EL PASO, Texas (Border Report) – El Paso County is giving a nod to community members who helped the region manage huge, recent migrant surges.
Commissioners Court on Monday approved a resolution designating as role models the individuals and organizations that provided basic needs, shelter and comfort to thousands of migrants released from federal immigration custody.
“El Paso’s unique location on the border means we often respond to waves of migration without the ability to enact policy,” said Commissioner David Stout. “Even though we face this barrier, I’m always amazed by our county’s ability to not just respond but to welcome migrants and vulnerable folks that are just passing through and ensure they are treated with dignity and respect.”
El Paso in September and again in December became the epicenter of migration as thousands of Venezuelans and citizens of other countries in Latin America surged across the border. The sheer numbers overwhelmed U.S. Customs and Border Protection’s holding capabilities and thousands were released on parole.
Nonprofit shelters ran out of room and migrants began camping on the streets. El Paso city and county governments spent millions on “welcome centers” to assist the migrants on the hope the federal government would promptly reimburse them. It was at that point of the humanitarian crisis that the dozens of organizations and individuals honored on Monday stepped in.
“When the migrants come here, many come with trauma. We hear a lot of stories, things that happen to them physically, emotionally,” said the Rev. Jean Jacob Jeudy of Walk by Faith International Church. “My wife is one of the volunteers who is a shoulder for them, to listen to their cries, and she cries with them many times, too.”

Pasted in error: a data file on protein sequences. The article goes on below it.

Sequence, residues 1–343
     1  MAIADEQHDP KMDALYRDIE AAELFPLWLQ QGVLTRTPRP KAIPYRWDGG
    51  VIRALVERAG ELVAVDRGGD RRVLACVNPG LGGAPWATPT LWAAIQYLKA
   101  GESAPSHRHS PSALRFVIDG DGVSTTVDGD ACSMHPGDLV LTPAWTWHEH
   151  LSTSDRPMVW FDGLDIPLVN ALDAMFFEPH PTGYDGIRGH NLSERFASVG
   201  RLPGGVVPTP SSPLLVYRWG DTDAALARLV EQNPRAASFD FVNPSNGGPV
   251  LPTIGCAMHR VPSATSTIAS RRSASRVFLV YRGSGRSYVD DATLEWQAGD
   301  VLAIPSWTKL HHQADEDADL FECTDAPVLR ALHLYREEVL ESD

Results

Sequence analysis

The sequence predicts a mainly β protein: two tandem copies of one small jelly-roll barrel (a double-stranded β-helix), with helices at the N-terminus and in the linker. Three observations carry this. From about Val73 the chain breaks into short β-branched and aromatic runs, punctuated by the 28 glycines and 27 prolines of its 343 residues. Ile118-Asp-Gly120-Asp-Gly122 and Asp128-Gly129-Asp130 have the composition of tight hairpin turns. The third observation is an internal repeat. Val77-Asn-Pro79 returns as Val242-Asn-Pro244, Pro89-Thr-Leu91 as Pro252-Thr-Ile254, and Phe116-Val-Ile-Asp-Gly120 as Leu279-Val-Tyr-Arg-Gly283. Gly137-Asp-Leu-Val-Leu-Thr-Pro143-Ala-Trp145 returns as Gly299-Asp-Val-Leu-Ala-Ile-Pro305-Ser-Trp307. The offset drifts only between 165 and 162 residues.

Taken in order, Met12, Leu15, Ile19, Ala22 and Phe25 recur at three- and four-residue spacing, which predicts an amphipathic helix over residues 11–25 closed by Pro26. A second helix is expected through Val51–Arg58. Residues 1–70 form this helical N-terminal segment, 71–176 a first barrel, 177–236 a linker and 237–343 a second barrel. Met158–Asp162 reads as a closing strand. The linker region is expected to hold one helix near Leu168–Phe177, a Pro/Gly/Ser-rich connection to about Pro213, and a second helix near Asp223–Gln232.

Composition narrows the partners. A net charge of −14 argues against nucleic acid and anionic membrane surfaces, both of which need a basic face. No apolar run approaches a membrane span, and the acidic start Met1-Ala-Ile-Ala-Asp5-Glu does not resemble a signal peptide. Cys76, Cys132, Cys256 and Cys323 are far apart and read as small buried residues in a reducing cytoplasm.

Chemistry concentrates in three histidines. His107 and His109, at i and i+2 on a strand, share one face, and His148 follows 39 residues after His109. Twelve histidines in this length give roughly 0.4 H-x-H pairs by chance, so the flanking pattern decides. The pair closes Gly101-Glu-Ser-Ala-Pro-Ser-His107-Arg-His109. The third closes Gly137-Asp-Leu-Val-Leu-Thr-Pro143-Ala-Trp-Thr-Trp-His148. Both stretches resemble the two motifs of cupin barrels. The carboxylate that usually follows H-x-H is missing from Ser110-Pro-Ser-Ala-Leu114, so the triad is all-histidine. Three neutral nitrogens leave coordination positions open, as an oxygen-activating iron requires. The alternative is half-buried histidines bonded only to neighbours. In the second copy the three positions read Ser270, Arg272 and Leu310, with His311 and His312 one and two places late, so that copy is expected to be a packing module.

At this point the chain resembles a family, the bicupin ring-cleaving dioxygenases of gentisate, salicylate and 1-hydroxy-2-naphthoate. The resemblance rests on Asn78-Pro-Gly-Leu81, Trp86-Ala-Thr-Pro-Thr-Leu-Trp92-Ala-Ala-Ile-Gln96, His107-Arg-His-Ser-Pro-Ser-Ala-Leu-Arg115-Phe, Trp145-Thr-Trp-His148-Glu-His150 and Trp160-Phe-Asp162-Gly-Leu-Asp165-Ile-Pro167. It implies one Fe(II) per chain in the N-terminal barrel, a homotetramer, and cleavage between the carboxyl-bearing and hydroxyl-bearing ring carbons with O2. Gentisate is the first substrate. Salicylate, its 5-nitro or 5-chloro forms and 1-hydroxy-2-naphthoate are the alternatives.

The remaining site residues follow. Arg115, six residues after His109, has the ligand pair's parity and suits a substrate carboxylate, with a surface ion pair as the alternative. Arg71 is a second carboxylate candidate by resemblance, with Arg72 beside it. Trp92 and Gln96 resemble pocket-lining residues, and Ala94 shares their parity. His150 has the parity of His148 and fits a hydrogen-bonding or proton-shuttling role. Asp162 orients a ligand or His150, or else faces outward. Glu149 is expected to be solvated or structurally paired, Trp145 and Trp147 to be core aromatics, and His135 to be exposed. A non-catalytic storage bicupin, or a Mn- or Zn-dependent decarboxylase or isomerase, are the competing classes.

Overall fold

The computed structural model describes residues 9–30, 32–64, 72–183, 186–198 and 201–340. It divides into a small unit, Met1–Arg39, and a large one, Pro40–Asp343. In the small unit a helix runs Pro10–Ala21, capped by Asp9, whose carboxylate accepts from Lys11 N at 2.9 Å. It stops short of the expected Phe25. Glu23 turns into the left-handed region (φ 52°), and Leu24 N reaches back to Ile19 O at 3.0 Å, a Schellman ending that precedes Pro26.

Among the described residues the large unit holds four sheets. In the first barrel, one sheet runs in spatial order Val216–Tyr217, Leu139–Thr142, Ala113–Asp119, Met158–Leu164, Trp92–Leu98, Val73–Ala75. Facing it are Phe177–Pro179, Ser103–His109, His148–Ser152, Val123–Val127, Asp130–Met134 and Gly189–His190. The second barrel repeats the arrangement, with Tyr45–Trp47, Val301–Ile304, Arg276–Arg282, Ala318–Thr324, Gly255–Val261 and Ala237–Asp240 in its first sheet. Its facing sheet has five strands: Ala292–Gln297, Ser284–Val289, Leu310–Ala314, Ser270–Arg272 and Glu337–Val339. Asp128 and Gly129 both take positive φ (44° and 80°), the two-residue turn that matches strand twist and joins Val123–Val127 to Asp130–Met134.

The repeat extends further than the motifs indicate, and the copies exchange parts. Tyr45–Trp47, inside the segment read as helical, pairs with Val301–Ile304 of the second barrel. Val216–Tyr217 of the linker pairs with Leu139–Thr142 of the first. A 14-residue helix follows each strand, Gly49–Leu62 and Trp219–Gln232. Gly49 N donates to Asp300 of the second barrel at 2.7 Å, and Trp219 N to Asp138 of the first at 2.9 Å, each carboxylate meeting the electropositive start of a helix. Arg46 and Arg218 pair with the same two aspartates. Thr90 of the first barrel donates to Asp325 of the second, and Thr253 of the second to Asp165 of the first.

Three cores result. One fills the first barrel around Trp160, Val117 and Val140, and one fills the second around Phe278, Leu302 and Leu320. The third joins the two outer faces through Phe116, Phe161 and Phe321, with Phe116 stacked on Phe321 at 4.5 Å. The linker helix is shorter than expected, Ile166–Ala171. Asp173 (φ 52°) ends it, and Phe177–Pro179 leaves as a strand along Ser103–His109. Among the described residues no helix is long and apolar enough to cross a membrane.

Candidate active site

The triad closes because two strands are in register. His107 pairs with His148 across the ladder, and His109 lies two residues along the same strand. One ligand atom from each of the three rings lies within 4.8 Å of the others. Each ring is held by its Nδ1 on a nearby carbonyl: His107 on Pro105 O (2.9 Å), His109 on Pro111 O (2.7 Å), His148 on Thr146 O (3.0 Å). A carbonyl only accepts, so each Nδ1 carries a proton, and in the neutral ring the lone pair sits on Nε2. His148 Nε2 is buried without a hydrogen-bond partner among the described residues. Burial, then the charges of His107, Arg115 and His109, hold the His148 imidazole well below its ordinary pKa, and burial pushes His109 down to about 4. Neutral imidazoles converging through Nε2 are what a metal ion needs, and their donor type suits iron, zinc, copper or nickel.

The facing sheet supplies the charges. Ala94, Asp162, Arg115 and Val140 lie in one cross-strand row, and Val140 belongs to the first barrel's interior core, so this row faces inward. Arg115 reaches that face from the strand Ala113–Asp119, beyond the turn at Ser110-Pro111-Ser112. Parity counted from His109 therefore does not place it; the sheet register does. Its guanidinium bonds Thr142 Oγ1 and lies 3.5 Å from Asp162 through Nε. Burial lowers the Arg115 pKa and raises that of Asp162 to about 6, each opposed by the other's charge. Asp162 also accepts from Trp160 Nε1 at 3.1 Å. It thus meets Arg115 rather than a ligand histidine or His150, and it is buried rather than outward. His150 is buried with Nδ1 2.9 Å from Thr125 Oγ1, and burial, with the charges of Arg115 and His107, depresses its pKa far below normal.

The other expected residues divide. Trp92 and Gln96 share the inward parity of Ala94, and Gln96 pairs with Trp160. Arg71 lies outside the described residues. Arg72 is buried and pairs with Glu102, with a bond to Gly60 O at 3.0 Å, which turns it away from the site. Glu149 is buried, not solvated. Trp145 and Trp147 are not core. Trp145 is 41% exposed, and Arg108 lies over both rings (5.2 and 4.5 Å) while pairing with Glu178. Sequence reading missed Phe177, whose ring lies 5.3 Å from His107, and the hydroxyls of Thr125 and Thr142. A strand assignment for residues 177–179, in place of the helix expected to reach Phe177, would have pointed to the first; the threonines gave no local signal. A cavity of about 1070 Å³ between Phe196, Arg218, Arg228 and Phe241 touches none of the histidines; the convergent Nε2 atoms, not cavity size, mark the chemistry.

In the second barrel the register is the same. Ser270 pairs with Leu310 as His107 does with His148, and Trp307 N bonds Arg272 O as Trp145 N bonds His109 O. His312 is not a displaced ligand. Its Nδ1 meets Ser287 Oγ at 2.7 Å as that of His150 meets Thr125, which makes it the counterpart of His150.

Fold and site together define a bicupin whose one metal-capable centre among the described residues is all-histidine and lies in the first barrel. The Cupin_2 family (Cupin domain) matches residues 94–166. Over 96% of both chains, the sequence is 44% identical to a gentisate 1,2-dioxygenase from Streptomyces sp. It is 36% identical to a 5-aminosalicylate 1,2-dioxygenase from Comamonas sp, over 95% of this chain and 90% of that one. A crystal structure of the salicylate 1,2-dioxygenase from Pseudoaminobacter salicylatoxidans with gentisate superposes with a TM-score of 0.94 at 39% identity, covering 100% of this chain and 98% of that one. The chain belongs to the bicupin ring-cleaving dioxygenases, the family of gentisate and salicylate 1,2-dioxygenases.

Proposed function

El Paso residents who want to help the migrants often have to do it across the Rio Grande in Juarez, Mexico, as well.
“Even as the numbers of arriving persons have fallen, allow us to be a voice for the many persons expelled to Juarez every day, for those who died crossing the river and the moms and children who cannot be welcomed to our community because of policies like Title 42,” said Mayte Elizalde, a representative of the Hope Border Institute.
The surge that began in September subsided after the Biden administration began a remote asylum application system for Venezuelans but made all those who crossed the border without authorization eligible for Title 42 expulsions.
Irregular border crossings again surged in December in anticipation of the administration ending Title 42, but a Supreme Court ruling left in place possibly through June. Then the administration also required Haitians, Cubans and Nicaraguans to remote-apply for asylum or be expelled at the border.
The number of daily Border Patrol apprehensions remains under 1,000 and less than 200 people are being released from immigration custody, as per the City of El Paso’s Migrant Dashboard.
Elizalde said there has to be a better way than keeping vulnerable asylum seekers at bay across the border.
“El Paso County has taken a bold stand to show the rest of the country that immigration is nothing to be feared. We can meet the challenges at our border with compassion and dignity,” she said. But “even as we celebrate our accomplishments as a borderland community, we cannot forget the effect national policies have. Our example must (lead) to a reform of our immigration system on the way to policies that respect the rights of migrants and asylum seekers.”